A new landmark California law requires doctors to tell their patients when they’ve been disciplined for serious misconduct.
The breakthrough legislation was signed Wednesday by Governor Jerry Brown and is the result of years of debate and compromise by consumer and patient advocates, physicians, and the California Medical Association.
Information about accusations against physicians and discipline handed down by the Medical Board of California has long been available on the Medical Board’s website.
But the new law requires doctors to directly inform their patients if they’ve been put on probation for serious misconduct involving patient harm.
The specific disciplinary actions covered by the new law are:
- Sexual misconduct with a patient
- Drug abuse that can harm patients
- A criminal conviction involving harm to patients
- Inappropriate prescribing resulting in patient harm and five or more years of probation
“We never tried to protect those doctors, and we never will,” said Dr. Ted Mazer, a San Diego physician and president of the California Medical Association (CMA).
But Mazer said the CMA worked hard to assure that doctors disciplined for minor wrongdoings that did not harm a patient are not “branded with a scarlet letter” that would unnecessarily harm their relationship with their patients.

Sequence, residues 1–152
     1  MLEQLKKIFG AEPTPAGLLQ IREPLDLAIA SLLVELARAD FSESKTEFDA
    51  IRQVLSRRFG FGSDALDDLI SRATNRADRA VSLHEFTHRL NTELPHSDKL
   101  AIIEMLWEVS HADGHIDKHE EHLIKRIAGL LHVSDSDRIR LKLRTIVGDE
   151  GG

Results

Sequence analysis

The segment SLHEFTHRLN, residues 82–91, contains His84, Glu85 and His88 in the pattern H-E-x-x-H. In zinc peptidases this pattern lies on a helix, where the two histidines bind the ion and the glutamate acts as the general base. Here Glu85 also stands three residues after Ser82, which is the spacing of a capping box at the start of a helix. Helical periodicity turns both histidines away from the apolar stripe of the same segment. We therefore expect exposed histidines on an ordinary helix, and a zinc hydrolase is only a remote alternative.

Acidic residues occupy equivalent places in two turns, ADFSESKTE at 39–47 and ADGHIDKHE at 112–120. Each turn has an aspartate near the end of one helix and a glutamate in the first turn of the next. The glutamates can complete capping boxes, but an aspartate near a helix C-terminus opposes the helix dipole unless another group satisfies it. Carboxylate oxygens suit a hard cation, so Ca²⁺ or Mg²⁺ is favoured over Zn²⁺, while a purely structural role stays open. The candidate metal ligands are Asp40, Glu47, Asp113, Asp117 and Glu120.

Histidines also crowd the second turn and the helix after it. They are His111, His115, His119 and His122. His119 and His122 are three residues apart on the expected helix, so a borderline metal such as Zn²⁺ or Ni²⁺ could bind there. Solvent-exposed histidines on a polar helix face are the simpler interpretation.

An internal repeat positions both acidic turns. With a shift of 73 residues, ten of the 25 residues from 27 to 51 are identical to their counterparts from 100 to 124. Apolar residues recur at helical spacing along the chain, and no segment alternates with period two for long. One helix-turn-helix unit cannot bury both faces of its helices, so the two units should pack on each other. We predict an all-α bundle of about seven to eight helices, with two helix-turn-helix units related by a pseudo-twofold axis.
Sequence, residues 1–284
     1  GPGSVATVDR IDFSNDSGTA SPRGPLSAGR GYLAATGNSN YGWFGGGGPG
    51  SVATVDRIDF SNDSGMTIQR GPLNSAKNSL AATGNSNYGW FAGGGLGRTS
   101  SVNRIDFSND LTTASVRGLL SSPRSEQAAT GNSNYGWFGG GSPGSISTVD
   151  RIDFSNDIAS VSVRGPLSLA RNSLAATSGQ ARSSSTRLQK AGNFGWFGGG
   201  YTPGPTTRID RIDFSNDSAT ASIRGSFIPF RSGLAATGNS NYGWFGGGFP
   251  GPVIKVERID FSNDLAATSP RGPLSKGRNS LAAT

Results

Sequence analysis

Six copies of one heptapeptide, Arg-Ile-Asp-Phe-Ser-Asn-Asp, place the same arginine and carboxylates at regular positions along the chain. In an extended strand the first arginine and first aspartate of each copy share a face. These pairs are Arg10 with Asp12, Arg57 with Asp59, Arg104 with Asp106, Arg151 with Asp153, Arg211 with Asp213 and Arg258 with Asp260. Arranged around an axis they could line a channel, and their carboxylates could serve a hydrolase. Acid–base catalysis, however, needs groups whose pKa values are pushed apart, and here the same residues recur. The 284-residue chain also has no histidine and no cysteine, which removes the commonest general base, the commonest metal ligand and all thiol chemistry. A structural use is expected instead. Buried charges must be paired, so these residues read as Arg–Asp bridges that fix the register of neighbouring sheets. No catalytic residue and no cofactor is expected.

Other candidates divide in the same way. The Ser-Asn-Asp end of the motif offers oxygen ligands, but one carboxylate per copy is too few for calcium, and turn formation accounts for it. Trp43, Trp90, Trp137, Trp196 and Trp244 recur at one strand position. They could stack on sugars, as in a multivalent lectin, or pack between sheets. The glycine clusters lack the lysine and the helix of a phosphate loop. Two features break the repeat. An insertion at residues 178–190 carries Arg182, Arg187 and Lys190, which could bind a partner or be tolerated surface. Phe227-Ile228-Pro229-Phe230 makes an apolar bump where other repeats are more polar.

For example, doctors who agree to a brief term of probation for faulty medical record keeping do not have to reveal that discipline to their patients.
“Is that a problem for patient care? No, it's a problem that the doctor has to keep a better record, but nobody found any problem with the care," Mazer explained.
Patient advocates said the extensive coverage of the conviction of USA Gymnastics physician Larry Nassar for molesting patients and allegations of sexual misconduct by a gynecologist at the University of Southern California provided the impetus that led to the passage of the new California law.
"Sadly, it usually takes some kind of tragedy or some kind of headline to really get the attention of legislators and make them do the right thing and actually pass these types of reforms," said Bridget Gramme of the University of San Diego’s Center for Public Interest Law.
Serious discipline with patient harm which resulted in a probationary term issued on or after July 1, 2019, will be disclosed by your doctor's office, before your exam.
That disclosure will give you the option of talking with your doctor about the issue or leaving their office and finding a new provider.
"You know, it's an individual decision,” Gramme told NBC 7. “But patients can make that choice now, having all the information that they need."
The Patient’s Right to Know Act was authored by State Senator Jerry Hill, (D-San Mateo and Santa Clara).
“This legislation owes its success to all the brave survivors who have testified about their traumatic and deeply personal experiences in the past three years,” Hill said. “As the testimony of survivors showed, leaving patients in the dark about this critical information makes them vulnerable to abuse.”
More information about the Patient’s Right to Know Act is available here.